If you’re following me on social media or reading my blog, you will know by now that I have been enjoying reading Beth Kempton’s book, Wabi Sabi: Japanese Wisdom for a Perfectly Imperfect Life. There is so much within this book which sang to me, creating a strong resonant vibration, that I’m doing a series of blog posts as a way to further assimilate these passages.
Here’s another example of something which has deeply touched me:
“I am proud of the time I have spent raising my children, but I want something for myself now that I am older.”
Wow. This sentence is still swelling in my heart like the overture of a Mozart sonata.
From a time long before my children came into my life, I knew I wanted to be a stay-at-home mom. It was one of the things that attracted my husband, Ivan, to me, in addition to all the usual things. We both wanted our children to have a parent in the home, not working, while they were growing up. It was a Misner Family core value.
Along the way, I knew that I would stop working in the day-to-day operations with Ivan in BNI. I had thought that would be easy to do, since one of my goals from the time I was nine years old was to be a stay-at-home mom.
Was I ever surprised when I found myself tearful when he would board flights to attend BNI National Conferences, leaving me at home. It did not seem to make sense to me. I mean, this was what I wanted, right, to stay home with our kiddos? Yes, AND, it was still difficult. I saw other women in BNI rising to the place I had been in the company, teaching, training, mentoring, and making their mark on our business. I was jealous.
I longed to be able to make my mark on BNI, too, but I really did not know how that was going to happen from home while paying the corporate bills, editing the newsletters, and sending out emails to radio stations to seek bookings for Ivan to be interviewed. These are the kinds of things I did between 1991 and 1998. It felt like busy work. I was in the background when I had once stood at my husband’s side building our business together.
There were days Ivan would leave for the office, and I would stand at the door with a crying baby in my arms and a whining toddler holding onto my leg. I have to admit, I was also crying. Imagine if it was confusing to me, how confused Ivan was. I don’t think he understood at first why I was not completely contented with the “mom” hat. I know some of you reading this get it right away.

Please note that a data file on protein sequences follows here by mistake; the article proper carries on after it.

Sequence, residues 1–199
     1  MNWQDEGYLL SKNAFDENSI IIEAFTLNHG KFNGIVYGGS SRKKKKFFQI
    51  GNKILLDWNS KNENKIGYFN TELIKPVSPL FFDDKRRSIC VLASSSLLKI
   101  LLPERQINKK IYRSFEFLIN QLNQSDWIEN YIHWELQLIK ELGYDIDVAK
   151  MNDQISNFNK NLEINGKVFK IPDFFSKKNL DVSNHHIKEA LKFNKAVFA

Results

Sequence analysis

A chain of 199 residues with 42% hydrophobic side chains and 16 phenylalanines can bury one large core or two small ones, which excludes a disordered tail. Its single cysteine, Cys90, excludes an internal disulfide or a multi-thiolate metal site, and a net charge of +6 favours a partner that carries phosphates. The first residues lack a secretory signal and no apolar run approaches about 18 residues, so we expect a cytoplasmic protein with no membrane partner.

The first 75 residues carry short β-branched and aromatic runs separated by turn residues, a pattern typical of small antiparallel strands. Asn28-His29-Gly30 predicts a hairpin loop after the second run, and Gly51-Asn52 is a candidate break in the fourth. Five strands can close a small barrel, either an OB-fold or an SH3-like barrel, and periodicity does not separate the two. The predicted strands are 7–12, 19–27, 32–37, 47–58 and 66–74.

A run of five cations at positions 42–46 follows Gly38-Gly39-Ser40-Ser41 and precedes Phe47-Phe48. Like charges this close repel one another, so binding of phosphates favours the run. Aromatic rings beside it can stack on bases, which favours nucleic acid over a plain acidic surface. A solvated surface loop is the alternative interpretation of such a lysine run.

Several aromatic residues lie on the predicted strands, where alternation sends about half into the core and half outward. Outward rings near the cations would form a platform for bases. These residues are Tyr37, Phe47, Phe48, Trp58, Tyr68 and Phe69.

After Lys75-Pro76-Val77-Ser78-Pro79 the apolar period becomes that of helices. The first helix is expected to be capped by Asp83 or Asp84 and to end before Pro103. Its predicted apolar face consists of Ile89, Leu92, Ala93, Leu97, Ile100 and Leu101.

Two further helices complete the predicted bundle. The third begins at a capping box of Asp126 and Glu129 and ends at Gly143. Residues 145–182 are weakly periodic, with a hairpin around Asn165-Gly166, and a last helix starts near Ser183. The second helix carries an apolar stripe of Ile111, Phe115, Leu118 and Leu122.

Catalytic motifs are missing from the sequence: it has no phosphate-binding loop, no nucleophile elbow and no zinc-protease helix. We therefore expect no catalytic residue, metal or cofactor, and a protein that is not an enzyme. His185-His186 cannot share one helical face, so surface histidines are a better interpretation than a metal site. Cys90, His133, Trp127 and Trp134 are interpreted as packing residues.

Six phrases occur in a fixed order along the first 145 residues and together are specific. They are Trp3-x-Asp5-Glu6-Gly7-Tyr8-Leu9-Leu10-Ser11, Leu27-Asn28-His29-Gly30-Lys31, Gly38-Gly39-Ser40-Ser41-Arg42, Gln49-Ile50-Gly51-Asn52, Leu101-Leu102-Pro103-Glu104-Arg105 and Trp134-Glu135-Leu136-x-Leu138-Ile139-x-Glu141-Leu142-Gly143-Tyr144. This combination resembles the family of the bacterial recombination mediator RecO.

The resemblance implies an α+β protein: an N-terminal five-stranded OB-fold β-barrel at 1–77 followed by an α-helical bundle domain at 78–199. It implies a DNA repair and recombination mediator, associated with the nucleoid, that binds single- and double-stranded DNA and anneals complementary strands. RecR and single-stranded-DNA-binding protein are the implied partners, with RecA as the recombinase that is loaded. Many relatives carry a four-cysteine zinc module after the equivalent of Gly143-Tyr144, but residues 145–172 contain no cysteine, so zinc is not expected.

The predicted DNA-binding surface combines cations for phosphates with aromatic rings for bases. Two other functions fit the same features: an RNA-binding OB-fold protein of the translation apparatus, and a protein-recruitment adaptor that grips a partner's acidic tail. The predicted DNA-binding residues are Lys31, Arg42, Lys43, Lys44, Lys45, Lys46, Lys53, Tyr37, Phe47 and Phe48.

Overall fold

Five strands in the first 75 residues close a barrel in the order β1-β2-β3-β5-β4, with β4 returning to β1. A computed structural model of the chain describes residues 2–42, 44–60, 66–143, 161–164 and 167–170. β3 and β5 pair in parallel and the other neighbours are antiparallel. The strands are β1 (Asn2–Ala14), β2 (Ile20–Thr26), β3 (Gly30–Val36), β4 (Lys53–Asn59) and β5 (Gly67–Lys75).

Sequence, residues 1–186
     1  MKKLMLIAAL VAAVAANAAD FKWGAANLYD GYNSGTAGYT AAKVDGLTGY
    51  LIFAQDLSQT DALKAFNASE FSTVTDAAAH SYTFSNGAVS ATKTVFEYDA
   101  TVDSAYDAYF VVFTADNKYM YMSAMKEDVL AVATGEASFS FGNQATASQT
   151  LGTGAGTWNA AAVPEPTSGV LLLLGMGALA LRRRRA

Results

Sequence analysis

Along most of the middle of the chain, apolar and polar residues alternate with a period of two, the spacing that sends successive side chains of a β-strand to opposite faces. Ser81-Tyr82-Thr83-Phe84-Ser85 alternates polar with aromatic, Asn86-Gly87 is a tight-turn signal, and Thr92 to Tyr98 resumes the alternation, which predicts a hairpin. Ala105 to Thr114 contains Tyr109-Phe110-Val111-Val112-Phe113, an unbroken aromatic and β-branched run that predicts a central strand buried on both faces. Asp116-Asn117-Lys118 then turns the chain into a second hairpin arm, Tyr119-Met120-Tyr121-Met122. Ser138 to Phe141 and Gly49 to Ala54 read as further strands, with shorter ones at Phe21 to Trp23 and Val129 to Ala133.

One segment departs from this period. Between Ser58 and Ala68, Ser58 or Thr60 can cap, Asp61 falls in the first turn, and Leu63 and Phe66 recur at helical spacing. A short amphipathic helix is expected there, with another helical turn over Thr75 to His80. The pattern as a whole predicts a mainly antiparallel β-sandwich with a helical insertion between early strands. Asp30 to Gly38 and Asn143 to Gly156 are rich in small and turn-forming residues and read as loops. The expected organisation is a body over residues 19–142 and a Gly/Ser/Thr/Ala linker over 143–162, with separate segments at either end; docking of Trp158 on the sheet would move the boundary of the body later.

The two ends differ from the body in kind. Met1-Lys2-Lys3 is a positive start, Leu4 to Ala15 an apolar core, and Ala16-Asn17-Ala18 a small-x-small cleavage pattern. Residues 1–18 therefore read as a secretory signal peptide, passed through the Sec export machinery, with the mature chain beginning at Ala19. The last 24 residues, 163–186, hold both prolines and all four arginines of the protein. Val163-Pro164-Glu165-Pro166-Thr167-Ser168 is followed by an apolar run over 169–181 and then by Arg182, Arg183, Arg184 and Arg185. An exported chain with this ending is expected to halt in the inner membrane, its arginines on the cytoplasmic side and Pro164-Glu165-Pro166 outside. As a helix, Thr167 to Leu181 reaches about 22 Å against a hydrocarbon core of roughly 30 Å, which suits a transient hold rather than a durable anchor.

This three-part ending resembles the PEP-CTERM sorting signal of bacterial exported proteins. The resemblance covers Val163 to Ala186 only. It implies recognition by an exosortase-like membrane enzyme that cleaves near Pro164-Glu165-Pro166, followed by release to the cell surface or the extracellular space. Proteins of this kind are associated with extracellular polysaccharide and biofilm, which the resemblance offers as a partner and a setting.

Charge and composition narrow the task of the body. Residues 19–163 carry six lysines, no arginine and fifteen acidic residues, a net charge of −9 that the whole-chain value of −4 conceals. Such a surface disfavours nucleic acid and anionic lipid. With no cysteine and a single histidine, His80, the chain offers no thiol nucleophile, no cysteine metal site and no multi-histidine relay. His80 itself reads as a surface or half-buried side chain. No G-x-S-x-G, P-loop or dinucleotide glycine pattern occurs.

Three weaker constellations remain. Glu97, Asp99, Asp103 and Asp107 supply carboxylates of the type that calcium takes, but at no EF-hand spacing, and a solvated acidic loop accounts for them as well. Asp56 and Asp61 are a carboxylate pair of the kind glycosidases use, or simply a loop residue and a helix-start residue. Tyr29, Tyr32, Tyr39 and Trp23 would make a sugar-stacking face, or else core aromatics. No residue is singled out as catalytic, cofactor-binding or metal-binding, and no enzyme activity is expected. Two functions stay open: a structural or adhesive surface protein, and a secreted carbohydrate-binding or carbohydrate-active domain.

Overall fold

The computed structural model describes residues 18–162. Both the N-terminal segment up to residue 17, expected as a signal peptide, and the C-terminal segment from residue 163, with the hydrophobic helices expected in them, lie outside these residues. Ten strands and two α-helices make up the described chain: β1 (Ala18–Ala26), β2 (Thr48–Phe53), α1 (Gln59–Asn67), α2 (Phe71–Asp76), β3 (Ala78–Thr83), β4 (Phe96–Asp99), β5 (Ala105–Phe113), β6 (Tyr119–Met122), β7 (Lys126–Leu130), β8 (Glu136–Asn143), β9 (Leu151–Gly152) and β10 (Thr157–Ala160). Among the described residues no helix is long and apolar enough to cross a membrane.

So, we talked about a way that I could be a bigger part of BNI that would allow me to still be a stay-at-home mom and not compromise an important role I really did want to fill. We also had grown the company to the point where we had a fair amount of income that could be used philanthropically, another Misner Family core value. The BNI Foundation was launched in 1998, and I was the founding director, a position I held for nearly 20 years.
While it gave me a more fulfilling and rewarding position within BNI, running a non-profit was never a burning desire for me. I am much happier in a role that allows me to vision cast, to inspire and encourage, and to share from the things I have learned. Running a non-profit involves a LOT of administrative work, and admin is NOT my strong suit. Let me tell you just how grateful I am for our talented, focused, and committed Board of Directors. There is a lot of what seems like busy work to do, but which is critical to the success of the organization, but all of that part of the “job” is not what gives my life meaning and purpose.
Fast forward to today: my last child left home seven years ago, and I have slowly been getting back on track of “having something for myself now that I am older.” I wanted to become a chiropractor after I graduated from college with a Liberal Arts Degree. I did not pursue a chiropractic degree at that time, because I knew I would be taking an 18-20 year furlough to raise children, something I am truly immensely proud to have done. Instead of going to chiropractic college now, I am becoming a medical Qigong practitioner in order to offer this aspect of Traditional Chinese Medicine to those needing to heal.
This is my “something for myself” that fulfills me. It satisfies my yearning to be a conduit for healing. And while it is not something directly related to our company, BNI, it is something I am able to do to serve the leaders in our company. I’m able to offer Tai Chi/Qigong/Meditation at our semi-annual and global conventions for BNI Directors, as well as teach classes locally in my community, lead Qigong at others’ retreats, and work one-to-one with people who are on their own healing journeys.
And that feels really rewarding. I’m in my sweet spot.